comme une courtisane, comme une prostituee, moi, Salome, fille
d'Herodias, Princesse de Judee! Eh bien, Iokanaan, moi je vis
encore, mais toi tu es mort et ta tete m'appartient. Je puis en
faire ce que je veux. Je puis la jeter aux chiens et aux oiseaux de
l'air. Ce que laisseront les chiens, les oiseaux de l'air le
mangeront . . . Ah! Iokanaan, Iokanaan, tu as ete le seul homme que
j'ai aime. Tous les autres hommes m'inspirent du degout. Mais,
toi, tu etais beau. Ton corps etait une colonne d'ivoire sur un
socle d'argent. C'etait un jardin plein de colombes et de lis
d'argent. C'etait une tour d'argent ornee de boucliers d'ivoire.
Il n'y avait rien au monde d'aussi blanc que ton corps. Il n'y
avait rien au monde d'aussi noir que tes cheveux. Dans le monde
tout entier il n'y avait rien d'aussi rouge que ta bouche. Ta voix
etait un encensoir qui repandait d'etranges parfums, et quand je te
regardais j'entendais une musique etrange! Ah! pourquoi ne m'as-tu
pas regardee, Iokanaan? Derriere tes mains et tes blasphemes tu as
cache ton visage. Tu as mis sur tes yeux le bandeau de celui qui
veut voir son Dieu. Eh bien, tu l'as vu, ton Dieu, Iokanaan, mais
moi, moi . . . tu ne m'as jamais vue. Si tu m'avais vue, tu
m'aurais aimee. Moi, je t'ai vu, Iokanaan, et je t'ai aime. Oh!
comme je t'ai aime. Je t'aime encore, Iokanaan. Je n'aime que toi
. . . J'ai soif de ta beaute. J'ai faim de ton corps. Et ni le
vin, ni les fruits ne peuvent apaiser mon desir. Que ferai-je,
Iokanaan, maintenant? Ni les fleuves ni les grandes eaux, ne
pourraient eteindre ma passion. J'etais une Princesse, tu m'as
dedaignee. J'etais une vierge, tu m'as defloree. J'etais chaste,
tu as rempli mes veines de feu . . . Ah! Ah! pourquoi ne m'as-tu
pas regardee, Iokanaan? Si tu m'avais regardee tu m'aurais aimee.
Je sais bien que tu m'aurais aimee, et le mystere de l'amour est
plus grand que le mystere de la mort. Il ne faut regarder que


All rare and costly materials had certainly a great fascination for
him, and in his eagerness to procure them he had sent away many
merchants, some to traffic for amber with the rough fisher-folk of
the north seas, some to Egypt to look for that curious green
turquoise which is found only in the tombs of kings, and is said to
possess magical properties, some to Persia for silken carpets and
painted pottery, and others to India to buy gauze and stained ivory,
moonstones and bracelets of jade, sandal-wood and blue enamel and
shawls of fine wool.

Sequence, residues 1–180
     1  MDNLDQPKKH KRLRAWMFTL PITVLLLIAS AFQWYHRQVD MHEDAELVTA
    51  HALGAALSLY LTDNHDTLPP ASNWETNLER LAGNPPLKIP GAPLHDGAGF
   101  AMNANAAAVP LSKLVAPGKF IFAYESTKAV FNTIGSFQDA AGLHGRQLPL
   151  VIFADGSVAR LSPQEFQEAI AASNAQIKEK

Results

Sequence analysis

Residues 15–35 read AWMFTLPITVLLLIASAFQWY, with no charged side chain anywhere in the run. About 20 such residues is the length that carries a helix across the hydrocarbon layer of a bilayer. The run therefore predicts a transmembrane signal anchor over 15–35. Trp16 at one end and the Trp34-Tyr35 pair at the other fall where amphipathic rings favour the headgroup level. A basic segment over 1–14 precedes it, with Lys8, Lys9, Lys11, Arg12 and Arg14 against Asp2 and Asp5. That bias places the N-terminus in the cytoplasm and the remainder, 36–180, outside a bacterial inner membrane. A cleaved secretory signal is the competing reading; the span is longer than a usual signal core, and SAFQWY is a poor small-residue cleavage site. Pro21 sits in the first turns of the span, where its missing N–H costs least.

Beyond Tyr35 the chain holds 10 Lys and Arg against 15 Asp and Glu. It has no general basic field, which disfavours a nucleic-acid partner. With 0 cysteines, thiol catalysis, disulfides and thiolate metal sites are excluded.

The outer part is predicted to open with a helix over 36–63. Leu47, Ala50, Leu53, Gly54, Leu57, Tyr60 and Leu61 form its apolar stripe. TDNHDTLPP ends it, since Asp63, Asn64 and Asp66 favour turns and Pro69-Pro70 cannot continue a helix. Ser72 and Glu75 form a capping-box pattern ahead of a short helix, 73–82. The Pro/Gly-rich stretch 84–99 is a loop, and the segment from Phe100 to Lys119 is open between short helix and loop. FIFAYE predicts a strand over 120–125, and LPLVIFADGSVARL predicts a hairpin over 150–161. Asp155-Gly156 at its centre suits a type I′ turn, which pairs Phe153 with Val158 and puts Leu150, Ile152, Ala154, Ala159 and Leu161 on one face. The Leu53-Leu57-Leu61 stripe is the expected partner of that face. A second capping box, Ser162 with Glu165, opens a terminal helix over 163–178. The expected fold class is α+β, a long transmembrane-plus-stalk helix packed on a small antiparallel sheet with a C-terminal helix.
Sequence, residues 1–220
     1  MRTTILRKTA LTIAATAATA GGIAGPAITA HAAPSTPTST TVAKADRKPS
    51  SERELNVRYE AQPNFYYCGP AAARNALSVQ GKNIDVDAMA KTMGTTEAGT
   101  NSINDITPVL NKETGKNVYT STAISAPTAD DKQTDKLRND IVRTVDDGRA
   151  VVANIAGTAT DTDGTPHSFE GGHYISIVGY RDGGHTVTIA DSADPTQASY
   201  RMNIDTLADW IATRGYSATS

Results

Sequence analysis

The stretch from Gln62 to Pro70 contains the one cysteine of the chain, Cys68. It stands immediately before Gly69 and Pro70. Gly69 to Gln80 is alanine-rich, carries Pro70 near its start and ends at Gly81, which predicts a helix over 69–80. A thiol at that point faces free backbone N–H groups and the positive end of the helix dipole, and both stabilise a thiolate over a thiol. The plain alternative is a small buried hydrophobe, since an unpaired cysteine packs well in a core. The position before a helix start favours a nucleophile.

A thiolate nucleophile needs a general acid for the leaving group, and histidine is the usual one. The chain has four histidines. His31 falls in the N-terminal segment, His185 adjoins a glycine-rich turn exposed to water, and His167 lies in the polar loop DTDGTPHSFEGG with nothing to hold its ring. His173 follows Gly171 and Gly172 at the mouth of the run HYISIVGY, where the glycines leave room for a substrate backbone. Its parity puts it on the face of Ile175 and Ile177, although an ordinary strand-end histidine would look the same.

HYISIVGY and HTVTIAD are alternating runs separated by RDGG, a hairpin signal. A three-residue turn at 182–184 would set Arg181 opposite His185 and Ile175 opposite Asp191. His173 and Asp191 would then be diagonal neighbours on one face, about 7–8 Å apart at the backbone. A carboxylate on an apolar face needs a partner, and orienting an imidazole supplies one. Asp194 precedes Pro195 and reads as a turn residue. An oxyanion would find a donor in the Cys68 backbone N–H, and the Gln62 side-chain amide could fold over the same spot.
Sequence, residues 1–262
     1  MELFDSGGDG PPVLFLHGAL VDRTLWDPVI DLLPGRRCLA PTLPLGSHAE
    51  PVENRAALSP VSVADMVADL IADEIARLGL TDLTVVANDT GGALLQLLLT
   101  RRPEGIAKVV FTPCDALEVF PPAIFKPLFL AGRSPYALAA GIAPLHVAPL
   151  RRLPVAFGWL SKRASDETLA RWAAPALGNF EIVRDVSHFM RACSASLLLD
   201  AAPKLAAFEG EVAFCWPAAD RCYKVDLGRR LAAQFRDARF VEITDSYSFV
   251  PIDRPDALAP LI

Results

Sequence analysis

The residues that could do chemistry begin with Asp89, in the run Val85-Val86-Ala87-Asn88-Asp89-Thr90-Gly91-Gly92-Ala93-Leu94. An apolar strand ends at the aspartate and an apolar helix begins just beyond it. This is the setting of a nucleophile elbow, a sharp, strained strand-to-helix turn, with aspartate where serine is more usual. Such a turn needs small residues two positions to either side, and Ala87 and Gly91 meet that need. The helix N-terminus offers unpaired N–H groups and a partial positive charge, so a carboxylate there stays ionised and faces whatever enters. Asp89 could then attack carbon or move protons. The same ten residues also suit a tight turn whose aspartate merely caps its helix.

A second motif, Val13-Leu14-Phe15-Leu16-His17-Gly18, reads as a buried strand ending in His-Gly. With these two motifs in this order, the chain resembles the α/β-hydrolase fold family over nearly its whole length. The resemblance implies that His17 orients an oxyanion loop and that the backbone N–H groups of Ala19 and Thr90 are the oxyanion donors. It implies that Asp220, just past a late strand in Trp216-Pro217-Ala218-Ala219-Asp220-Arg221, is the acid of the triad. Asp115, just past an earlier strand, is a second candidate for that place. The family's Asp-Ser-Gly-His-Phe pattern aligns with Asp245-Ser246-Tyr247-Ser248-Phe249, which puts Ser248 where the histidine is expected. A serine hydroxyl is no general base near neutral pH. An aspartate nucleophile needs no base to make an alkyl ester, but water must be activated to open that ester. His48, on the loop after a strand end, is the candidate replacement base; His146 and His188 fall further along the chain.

But what had occupied him most was the robe he was to wear at his
coronation, the robe of tissued gold, and the ruby-studded crown,
and the sceptre with its rows and rings of pearls. Indeed, it was
of this that he was thinking to-night, as he lay back on his
luxurious couch, watching the great pinewood log that was burning
itself out on the open hearth. The designs, which were from the
hands of the most famous artists of the time, had been submitted to
him many months before, and he had given orders that the artificers
were to toil night and day to carry them out, and that the whole
world was to be searched for jewels that would be worthy of their
work. He saw himself in fancy standing at the high altar of the
cathedral in the fair raiment of a King, and a smile played and
lingered about his boyish lips, and lit up with a bright lustre his
dark woodland eyes.

After some time he rose from his seat, and leaning against the
carved penthouse of the chimney, looked round at the dimly-lit room.
The walls were hung with rich tapestries representing the Triumph of
Beauty. A large press, inlaid with agate and lapis-lazuli, filled
one corner, and facing the window stood a curiously wrought cabinet
with lacquer panels of powdered and mosaiced gold, on which were
placed some delicate goblets of Venetian glass, and a cup of dark-
veined onyx. Pale poppies were broidered on the silk coverlet of
the bed, as though they had fallen from the tired hands of sleep,
and tall reeds of fluted ivory bare up the velvet canopy, from which
great tufts of ostrich plumes sprang, like white foam, to the pallid
silver of the fretted ceiling. A laughing Narcissus in green bronze
held a polished mirror above its head. On the table stood a flat
bowl of amethyst.

Outside he could see the huge dome of the cathedral, looming like a
bubble over the shadowy houses, and the weary sentinels pacing up
and down on the misty terrace by the river. Far away, in an
orchard, a nightingale was singing. A faint perfume of jasmine came
through the open window. He brushed his brown curls back from his
forehead, and taking up a lute, let his fingers stray across the
cords. His heavy eyelids drooped, and a strange languor came over